Last week we saw Someone announce their new branding for funeral brokers Beyond… formerly FuneralBookers. It’s gathered a lot of attention online and in the studio, we’re not ones to be quiet so we thought, “To hell with it, we’ll throw our two pennies into the mix as well”. So, we’re going to give you a quick run through of the brand from start to finish, starting with FuneralBookers and finishing at the end consumer.
Ok, so the first thing we’ve got to look at is the name change and what does Beyond actually do. Well, Beyond are based in London, UK, and help customers find independent funeral directors (over 1,000 have listed their services), compare funeral plans, and get funeral financing through their online platform, all with the goal of making the process as easy and transparent as possible.
Name Change, Booyah
In terms of the name change, for us it’s a winner. The new name feels a lot more inclusive and definitely isn’t as indifferent to your dearly departed Grandma as FuneralBookers was. Visually, the old logo was inline with its namesake, fairly tragic, bland and cliched with the dove sitting next to what could be a logo for an insurance or hire car company. The new word mark has had a general thumbs up. It’s unusual and it bucks the trend of geometric sans serifs(that’s a good thing) so definitely an improvement on what they had. The domain beyond.life was a clever thought too and the way the ellipsis fall off the page on some of the applications are both really nice details.
Getting into the applications now and we’re really digging the yellow. Although death is a sad time under any circumstance, it should be looked as a celebration of someones life. What they’ve contributed to the world and the impact left on loved ones and people they’ve met. The yellow for us does this, it feels uplifting and bright and proves that death doesn’t have to be all doom and gloom. This goes hand in hand with the copy on the applications “after all it’s your funeral” and “I told you I was ill” and gives humour in a very British way. So far excellent, but, there’s an elephant in the room and he’s wearing a macintosh and got a beard. I’m looking at you hipster Dan.
We’ve looked into the mascot a little bit deeper and after some scouring found this quote from Simon Manchipp (Creative Director of Someone)
“We thought long and hard about the mascot.
It's could be easy to dismiss it as a trivial choice for a brand that's so embedded in such sensitive issues. But mascots are a proven method to help people digest messaging and stories that are otherwise unpalatable.
e.g: Pixar's Finding Nemo is essentially the story of a single parent reconnecting with his son after the death of his mother. But told through the medium of cartoon fish. The tough storyline (a death of a parent in the first scene). Addiction. (the sharks hooked on blood) and of course the fear of separation are all made brilliantly and softly compelling by adding a layer of primitivism.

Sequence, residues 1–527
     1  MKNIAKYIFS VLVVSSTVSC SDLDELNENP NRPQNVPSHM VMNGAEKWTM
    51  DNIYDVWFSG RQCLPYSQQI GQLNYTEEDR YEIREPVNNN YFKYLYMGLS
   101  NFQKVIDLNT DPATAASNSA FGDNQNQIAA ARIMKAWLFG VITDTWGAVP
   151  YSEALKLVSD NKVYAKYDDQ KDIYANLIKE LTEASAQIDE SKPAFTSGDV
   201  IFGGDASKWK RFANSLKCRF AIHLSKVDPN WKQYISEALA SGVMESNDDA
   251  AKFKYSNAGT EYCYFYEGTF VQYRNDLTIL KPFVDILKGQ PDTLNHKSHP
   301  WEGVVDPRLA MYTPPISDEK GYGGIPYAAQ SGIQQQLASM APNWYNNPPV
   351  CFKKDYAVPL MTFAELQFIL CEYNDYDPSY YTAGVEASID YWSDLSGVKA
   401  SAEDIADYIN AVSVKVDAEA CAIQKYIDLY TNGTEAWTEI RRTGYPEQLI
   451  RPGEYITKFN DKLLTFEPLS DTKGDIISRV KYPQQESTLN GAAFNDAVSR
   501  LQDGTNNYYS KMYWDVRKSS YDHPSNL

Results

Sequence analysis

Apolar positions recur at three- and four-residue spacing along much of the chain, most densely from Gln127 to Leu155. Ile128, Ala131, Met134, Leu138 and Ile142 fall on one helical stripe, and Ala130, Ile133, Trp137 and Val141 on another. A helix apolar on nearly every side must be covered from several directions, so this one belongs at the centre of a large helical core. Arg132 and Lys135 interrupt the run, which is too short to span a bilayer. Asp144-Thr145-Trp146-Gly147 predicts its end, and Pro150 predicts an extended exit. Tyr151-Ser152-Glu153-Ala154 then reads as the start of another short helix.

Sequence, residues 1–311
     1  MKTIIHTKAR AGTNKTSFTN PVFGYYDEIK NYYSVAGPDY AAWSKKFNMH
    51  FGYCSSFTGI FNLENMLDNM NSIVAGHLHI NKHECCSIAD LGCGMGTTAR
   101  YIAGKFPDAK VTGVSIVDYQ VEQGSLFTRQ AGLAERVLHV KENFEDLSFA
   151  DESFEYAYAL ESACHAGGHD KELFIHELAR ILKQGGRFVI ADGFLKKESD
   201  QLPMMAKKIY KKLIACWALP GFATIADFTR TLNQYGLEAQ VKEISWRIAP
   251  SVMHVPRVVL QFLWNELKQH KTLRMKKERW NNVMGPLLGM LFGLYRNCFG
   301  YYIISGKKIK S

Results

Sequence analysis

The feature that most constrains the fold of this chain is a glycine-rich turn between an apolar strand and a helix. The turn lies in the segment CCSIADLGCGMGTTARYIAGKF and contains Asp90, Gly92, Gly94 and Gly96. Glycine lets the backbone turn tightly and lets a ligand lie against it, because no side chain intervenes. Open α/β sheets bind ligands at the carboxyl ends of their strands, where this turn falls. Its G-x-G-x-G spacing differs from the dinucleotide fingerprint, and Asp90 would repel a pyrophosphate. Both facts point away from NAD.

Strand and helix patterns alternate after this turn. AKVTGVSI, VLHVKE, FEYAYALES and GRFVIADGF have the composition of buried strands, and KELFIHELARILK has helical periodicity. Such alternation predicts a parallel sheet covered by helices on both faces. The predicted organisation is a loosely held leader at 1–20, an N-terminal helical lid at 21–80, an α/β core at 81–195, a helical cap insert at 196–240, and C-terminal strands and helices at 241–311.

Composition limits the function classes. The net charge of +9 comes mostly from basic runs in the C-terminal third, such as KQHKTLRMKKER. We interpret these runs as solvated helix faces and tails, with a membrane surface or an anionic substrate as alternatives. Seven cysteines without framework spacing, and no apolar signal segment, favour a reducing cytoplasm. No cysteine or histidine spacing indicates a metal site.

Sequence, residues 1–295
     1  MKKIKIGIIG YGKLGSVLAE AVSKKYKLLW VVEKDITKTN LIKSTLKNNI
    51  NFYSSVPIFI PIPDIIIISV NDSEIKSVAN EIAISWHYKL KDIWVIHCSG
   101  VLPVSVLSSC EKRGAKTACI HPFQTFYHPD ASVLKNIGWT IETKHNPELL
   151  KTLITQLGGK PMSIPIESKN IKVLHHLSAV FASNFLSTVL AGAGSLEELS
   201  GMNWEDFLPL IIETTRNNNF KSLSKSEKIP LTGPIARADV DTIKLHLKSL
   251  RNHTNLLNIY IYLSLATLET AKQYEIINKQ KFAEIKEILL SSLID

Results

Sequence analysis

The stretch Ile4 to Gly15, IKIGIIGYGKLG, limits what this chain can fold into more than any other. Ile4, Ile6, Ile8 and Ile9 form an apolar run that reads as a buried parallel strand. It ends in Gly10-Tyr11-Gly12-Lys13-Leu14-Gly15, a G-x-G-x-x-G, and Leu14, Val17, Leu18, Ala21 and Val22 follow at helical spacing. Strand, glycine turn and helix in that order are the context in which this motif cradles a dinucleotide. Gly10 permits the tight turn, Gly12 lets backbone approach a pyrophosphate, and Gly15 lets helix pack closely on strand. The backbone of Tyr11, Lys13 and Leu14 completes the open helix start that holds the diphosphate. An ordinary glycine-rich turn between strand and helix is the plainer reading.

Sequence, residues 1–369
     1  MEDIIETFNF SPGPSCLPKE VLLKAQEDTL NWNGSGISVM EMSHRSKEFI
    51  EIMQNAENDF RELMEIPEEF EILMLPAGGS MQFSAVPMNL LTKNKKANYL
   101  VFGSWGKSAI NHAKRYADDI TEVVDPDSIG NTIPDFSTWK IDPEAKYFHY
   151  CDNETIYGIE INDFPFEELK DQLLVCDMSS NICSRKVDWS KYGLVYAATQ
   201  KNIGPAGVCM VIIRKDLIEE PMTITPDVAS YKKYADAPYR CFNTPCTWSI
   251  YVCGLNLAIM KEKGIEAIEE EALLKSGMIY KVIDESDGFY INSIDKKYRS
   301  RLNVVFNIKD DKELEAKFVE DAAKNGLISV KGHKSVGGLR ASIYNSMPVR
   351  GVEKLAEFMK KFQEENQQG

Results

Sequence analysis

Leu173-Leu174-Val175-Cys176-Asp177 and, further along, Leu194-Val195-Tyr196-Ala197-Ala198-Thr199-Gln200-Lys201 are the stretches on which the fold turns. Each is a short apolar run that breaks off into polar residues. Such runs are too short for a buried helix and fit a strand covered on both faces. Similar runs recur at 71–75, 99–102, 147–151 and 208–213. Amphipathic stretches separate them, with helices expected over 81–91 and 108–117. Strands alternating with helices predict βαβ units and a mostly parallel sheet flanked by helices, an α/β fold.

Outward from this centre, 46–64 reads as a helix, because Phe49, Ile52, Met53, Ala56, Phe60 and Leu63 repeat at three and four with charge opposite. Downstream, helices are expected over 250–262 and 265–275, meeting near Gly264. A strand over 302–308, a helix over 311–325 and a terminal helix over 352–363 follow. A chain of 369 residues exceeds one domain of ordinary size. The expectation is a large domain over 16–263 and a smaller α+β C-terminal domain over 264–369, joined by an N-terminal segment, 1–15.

People often turn to storytelling like this in times of crisis. So the deployment of a friendly mascot here made intellectual and commercial sense.
It’s working: Traffic to their site has pretty much doubled since the rebrand.
As for a wider group of more broadly representative mascots... Beyond has just got started... watch this space...”
The Mascot Moan
In fairness it’s a really good justification and explains the use of the mascot really well. If it’s working and driving traffic to the website, more power to them and congrats for a fantastic branding job and the character himself is drawn up in a really nice style too. That being said we still feel there is something really off about this guy. I mean if I saw him on his own he could be helping you find the best quote for your car. Ultimately, for us he’s a little too candid in his nature, perhaps not caring enough to guide you through the process, but that’s just us someone else could have a different interpretation. Perhaps that’s a little critical as at the minute he’s a solo mascot, but I’m thinking about an older person coming onto the site and using the service. How will they react to a bearded hipster showing them through the death of their sister? If like Simon has hinted at more mascots that might help in the future. We would like to see him set with a group of other characters that are perhaps a bit more relatable for a wider range of people too.
Love it or hate it I suppose only time will tell as to where this brand actually goes,One things for sure, this brand has definitely become a big talking point over the last week or so. For us minus the mascot or plus a few more we love it. Not just that but, we’re willing it to work. The funeral sector has become one of the deadest markets in terms of change and it’s about time somebody did something different. Potentially this branding could be an industry changer for the funeral sector. Who knows, if you’ve read this let us know what you think of the branding, we'd love to hear some external thoughts.
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